Psychiatric disorders are among the most complex human disorders that, albeit often difficult to diagnose and treat, are widespread in modern society. Biological psychiatry studies biological functions of the central nervous system as mental disorders develop. Today’s biological psychiatry is facing multiple conceptual problems that prevent our deeper understanding of disease pathogenesis and delay the invention of new treatments. Thus, providing a historical context to this rapidly developing field may help scientists better understand the existing challenges and their potential solutions. Here, we discuss the main conceptual problems and paradigms of biological psychiatry, including the lack of reproducibility and/or valid theories, through an historical overview of its role in addressing theoretical and clinical questions. We propose a wider use of the translational approach in psychiatry to expand our analyses of psychiatric disorders to other species, and as a tool to create and further develop theories and concepts in this field.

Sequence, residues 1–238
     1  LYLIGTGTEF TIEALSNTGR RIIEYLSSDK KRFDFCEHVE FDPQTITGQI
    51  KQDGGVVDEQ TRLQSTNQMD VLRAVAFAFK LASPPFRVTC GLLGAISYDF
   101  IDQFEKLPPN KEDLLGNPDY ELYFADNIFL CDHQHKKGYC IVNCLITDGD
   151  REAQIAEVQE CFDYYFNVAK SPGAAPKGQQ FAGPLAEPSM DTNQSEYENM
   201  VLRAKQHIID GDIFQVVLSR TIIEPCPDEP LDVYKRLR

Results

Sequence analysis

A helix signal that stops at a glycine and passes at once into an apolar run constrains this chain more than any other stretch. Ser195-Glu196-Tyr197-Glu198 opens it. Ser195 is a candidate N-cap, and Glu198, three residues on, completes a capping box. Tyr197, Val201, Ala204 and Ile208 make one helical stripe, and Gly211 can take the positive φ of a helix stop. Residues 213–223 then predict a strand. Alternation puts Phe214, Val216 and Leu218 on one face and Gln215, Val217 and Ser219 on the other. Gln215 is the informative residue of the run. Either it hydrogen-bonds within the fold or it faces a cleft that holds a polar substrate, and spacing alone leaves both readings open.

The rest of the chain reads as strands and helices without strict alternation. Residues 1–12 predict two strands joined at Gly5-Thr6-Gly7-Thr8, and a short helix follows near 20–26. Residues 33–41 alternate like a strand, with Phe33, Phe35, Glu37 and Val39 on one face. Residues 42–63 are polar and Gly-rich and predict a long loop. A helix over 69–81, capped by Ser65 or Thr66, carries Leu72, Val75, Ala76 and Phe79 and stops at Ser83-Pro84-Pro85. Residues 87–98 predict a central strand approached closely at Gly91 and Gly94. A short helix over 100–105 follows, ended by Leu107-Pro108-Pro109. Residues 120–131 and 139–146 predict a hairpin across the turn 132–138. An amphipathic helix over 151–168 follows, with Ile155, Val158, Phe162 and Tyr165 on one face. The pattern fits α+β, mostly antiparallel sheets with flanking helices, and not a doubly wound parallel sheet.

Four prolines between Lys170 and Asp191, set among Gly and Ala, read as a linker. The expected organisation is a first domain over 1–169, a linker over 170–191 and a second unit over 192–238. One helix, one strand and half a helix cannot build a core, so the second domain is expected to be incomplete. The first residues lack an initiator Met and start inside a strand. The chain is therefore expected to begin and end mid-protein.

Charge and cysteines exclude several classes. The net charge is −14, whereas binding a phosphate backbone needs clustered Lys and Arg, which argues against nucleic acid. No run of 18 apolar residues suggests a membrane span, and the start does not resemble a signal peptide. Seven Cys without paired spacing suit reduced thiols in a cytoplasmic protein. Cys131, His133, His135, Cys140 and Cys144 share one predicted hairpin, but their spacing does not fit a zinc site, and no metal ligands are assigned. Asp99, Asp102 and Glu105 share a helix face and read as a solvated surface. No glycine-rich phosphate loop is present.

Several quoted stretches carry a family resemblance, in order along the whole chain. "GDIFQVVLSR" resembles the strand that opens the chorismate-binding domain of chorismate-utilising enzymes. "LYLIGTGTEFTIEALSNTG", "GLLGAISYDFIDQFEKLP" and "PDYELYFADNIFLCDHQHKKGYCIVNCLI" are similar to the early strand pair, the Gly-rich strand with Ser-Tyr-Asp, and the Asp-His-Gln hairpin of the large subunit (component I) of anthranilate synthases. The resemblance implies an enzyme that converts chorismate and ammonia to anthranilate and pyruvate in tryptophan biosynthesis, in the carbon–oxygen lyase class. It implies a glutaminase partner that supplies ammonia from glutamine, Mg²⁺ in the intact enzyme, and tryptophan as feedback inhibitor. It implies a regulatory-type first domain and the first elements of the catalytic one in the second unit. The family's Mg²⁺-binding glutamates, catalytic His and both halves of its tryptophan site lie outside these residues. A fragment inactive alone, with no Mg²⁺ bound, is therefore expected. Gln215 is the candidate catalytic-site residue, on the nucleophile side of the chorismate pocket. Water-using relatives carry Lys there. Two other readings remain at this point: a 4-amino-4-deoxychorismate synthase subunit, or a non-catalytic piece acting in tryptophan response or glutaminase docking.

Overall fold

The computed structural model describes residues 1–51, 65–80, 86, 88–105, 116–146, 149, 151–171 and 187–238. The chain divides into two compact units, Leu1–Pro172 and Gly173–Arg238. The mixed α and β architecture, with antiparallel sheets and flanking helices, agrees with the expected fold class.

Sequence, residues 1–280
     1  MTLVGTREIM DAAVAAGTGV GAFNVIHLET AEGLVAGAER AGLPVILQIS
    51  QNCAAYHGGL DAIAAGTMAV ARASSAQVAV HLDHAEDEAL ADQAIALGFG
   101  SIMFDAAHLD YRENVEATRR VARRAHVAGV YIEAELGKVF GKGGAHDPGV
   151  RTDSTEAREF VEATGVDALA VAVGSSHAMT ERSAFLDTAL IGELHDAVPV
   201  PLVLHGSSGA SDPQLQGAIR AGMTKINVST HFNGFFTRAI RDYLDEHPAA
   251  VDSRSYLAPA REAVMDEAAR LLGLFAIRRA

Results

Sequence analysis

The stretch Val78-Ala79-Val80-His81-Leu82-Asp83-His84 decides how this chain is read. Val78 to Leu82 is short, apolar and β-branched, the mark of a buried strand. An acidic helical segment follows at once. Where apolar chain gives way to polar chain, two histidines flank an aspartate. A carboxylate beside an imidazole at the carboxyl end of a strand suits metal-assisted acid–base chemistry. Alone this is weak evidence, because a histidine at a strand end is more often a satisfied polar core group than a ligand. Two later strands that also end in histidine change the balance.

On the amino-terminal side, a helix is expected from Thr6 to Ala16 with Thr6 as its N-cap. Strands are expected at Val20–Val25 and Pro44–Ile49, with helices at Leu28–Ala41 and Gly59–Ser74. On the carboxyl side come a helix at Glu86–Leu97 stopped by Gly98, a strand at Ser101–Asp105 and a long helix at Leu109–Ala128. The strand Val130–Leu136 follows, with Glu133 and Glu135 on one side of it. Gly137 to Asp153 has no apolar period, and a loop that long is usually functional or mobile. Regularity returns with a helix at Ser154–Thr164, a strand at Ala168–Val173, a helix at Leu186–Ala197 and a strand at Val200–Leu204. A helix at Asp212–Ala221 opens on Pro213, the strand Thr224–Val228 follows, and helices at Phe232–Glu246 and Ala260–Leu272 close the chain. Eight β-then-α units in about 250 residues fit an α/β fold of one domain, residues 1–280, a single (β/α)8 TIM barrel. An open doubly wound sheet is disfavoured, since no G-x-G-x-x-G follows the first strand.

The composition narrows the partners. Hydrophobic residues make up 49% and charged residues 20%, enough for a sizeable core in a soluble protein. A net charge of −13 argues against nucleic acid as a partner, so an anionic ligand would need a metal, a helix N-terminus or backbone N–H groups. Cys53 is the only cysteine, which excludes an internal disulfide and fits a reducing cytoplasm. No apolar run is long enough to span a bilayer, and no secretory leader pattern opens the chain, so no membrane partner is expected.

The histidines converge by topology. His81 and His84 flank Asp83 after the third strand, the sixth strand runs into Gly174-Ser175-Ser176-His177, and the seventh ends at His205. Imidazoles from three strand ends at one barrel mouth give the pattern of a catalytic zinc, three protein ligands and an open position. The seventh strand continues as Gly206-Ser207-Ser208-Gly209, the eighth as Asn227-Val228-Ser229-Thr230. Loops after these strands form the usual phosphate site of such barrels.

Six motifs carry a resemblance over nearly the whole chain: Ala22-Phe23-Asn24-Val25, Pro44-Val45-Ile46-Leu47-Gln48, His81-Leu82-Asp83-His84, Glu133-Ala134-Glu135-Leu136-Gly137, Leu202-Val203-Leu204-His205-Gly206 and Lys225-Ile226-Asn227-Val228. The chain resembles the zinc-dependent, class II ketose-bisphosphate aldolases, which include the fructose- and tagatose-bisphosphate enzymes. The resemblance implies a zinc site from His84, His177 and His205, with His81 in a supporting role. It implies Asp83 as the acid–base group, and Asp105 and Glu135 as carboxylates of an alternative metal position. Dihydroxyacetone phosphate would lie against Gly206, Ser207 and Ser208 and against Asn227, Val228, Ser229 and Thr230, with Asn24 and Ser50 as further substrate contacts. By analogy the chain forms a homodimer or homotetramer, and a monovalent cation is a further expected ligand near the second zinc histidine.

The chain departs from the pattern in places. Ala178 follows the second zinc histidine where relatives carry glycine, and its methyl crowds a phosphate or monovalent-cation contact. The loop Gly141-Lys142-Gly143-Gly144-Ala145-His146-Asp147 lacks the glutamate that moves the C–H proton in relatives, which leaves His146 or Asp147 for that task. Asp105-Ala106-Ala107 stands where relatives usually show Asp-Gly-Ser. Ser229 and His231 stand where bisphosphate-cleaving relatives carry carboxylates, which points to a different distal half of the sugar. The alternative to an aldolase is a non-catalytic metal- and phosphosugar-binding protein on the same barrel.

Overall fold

Original languageEnglish
Pages (from-to)278-292
Number of pages15
JournalBiological Communications
Issue number4
Publication statusPublished - 2017
Externally publishedYes


  • Biological psychiatry
  • Conceptual issues in psychiatry
  • History of psychiatry
  • Modern psychiatry
  • Translational medicine


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